Lifetime of Simpsons

S14 E10 – Pray Anything

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Occasionally on this segment I’ve mentioned that there are episodes of the Simpsons, a show I watched religiously as a kid every week day on re-runs, that I have absolutely no memory of. It doesn’t seem right, especially from this era where I was still watching every new episode each Sunday, but it seems to happen. And we got a real doozey of a weird religious/forgotten episode today!

The episode starts off with the Simpsons going to a WNBA game, and just generally treating it like it’s some weird novelty to poke fun of. They gawk at a giant Chinese lady and look at the terrible mascot that’s dressed like a slutty basketball, that ends up being Gil. But things actually happen when they announce that there’s a competition to win $50,000 after making a free-throw. And after a weird fake-out where we think Homer’s going to win, Ned Flanders is selected to give it a shot.

So Ned heads out onto the court, everyone assumes he’s going to completely miss, and after a quick prayer he tosses to ball like an old-lady. And gets nothing but net. So Ned has now won $50,000 and says that he’s going to give it all to some Bible charity. Which causes the Rich Texan, who owns the team, to give him an additional $100,000. Which obviously infuriates Homer. He gets pissed that Ned is able to succeed at life while he just keeps failing, and does something insane.

He goes to ask Ned what his secret is. And in the end, Ned just says that all of his success comes from prayer. Which is absurd. But Homer decides to give it a shot, and returns home to test out prayer for his benefit. And it seems to work. He uses prayer to find the television remote to get rid of a Ken Burns documentary about himself, and ends up finding monkey Olympics. Clearly superior. And apparently that’s all the proof Homer needs.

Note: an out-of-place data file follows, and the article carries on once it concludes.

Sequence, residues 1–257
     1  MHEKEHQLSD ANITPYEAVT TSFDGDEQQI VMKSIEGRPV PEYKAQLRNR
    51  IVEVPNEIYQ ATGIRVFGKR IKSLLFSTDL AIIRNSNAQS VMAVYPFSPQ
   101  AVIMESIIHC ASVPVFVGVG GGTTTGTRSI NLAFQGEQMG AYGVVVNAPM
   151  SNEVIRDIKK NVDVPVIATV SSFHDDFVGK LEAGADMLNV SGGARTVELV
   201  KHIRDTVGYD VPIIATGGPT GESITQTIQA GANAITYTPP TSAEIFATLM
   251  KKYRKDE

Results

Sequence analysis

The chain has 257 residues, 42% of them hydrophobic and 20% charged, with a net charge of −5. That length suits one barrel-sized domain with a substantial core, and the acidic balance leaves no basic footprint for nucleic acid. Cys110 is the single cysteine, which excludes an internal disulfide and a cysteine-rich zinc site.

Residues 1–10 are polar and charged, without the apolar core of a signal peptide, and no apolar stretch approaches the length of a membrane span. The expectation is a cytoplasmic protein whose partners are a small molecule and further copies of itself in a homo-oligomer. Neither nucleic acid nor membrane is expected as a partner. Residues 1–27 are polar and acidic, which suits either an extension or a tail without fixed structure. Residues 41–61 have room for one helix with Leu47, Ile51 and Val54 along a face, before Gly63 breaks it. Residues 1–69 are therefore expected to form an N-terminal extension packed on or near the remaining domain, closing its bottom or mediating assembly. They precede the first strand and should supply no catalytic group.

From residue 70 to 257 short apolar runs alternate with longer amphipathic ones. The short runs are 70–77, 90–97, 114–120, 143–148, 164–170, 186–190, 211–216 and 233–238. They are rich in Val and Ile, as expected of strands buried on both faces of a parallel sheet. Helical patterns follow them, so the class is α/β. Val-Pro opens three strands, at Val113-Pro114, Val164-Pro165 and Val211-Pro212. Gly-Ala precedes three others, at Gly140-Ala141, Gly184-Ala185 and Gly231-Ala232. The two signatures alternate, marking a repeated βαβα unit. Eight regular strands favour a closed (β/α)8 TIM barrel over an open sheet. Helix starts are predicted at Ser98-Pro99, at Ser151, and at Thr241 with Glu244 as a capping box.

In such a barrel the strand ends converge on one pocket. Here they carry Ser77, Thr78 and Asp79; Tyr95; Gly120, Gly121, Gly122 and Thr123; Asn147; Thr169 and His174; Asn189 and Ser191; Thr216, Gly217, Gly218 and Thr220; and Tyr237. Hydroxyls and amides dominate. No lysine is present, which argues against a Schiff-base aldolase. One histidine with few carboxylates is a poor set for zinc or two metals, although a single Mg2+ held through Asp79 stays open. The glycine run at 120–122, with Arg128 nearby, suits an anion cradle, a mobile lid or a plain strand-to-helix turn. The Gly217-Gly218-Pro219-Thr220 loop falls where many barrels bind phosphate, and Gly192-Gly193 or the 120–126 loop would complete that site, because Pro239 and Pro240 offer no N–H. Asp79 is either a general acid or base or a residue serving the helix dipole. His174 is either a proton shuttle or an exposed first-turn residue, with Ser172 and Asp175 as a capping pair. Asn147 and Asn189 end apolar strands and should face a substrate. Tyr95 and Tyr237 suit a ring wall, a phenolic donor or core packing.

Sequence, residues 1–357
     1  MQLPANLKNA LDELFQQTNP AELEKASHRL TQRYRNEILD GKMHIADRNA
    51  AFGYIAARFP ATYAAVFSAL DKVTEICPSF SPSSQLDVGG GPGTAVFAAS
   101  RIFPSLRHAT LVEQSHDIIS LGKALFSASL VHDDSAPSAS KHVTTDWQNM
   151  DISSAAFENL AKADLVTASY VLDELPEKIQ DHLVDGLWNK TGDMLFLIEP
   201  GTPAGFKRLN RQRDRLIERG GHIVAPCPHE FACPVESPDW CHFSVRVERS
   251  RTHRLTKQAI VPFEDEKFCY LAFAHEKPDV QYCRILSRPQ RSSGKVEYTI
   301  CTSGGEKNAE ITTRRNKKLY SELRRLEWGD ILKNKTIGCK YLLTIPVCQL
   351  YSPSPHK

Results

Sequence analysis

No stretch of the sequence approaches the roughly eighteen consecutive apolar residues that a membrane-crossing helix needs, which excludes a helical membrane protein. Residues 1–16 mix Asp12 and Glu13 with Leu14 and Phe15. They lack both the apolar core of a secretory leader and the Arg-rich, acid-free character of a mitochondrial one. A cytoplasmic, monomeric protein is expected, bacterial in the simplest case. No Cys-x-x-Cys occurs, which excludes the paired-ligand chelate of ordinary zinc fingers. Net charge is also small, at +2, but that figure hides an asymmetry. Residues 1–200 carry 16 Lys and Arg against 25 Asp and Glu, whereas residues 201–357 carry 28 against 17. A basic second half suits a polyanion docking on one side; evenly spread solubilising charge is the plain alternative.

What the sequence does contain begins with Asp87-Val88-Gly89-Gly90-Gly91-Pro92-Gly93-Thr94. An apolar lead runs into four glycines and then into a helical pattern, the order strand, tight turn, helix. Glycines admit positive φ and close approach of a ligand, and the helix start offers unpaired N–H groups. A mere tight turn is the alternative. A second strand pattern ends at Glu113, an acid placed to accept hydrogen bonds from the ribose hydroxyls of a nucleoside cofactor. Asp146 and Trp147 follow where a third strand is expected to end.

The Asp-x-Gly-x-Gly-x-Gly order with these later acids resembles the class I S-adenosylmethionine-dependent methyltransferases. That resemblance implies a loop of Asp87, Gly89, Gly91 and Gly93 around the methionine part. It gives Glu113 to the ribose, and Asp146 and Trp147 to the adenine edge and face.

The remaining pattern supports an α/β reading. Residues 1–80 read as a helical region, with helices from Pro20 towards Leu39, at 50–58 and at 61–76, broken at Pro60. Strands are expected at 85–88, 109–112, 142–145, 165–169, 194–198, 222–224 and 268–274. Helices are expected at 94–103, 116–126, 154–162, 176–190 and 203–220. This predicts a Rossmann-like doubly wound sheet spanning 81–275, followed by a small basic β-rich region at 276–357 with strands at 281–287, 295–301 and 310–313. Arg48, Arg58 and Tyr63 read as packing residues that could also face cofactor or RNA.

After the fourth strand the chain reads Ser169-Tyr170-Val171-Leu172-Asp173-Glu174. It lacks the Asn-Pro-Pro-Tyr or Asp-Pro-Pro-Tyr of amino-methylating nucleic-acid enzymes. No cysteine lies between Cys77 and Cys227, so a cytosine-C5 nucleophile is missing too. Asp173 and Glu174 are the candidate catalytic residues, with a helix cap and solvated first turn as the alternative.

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So Homer is now all into prayer, and even sets up a little prayer station at work to get things to go his way. But he starts to get a little crazy, even praying a car accident into existence in order to get the new treat of chocolate covered bacon. Hell, he even tries to use God as a plumber when their kitchen sink gets clogged. But Marge is a little hesitant about using God like that, and calls a real plumber, who quickly establishes that their pipes are full of tree roots.

The Simpsons are now in a pretty familiar predicament, and are pressed for money to fix a household issue. But Homer still thinks that prayer is the route, so as they’re walking into the church he begins praying for a way to fix the house. And just on cue, he falls into a big hole on the church property and hurts his leg. At which point an ambulance-chasing lawyer pops out and tells Homer that he should sue the church. Homer agrees.

So the case gets brought to court, and things aren’t going great for the church. They try to show that Homer is accident-proof with a montage of clips, but that just endears him to the jury, and the end up finding in Homer’s favor, making Revered Lovejoy give him the deed to the church. So I guess Homer’s prayer wins! God didn’t fix their house, but he got them a new one! Because Homer isn’t planning on selling the church. He’s going to live in it.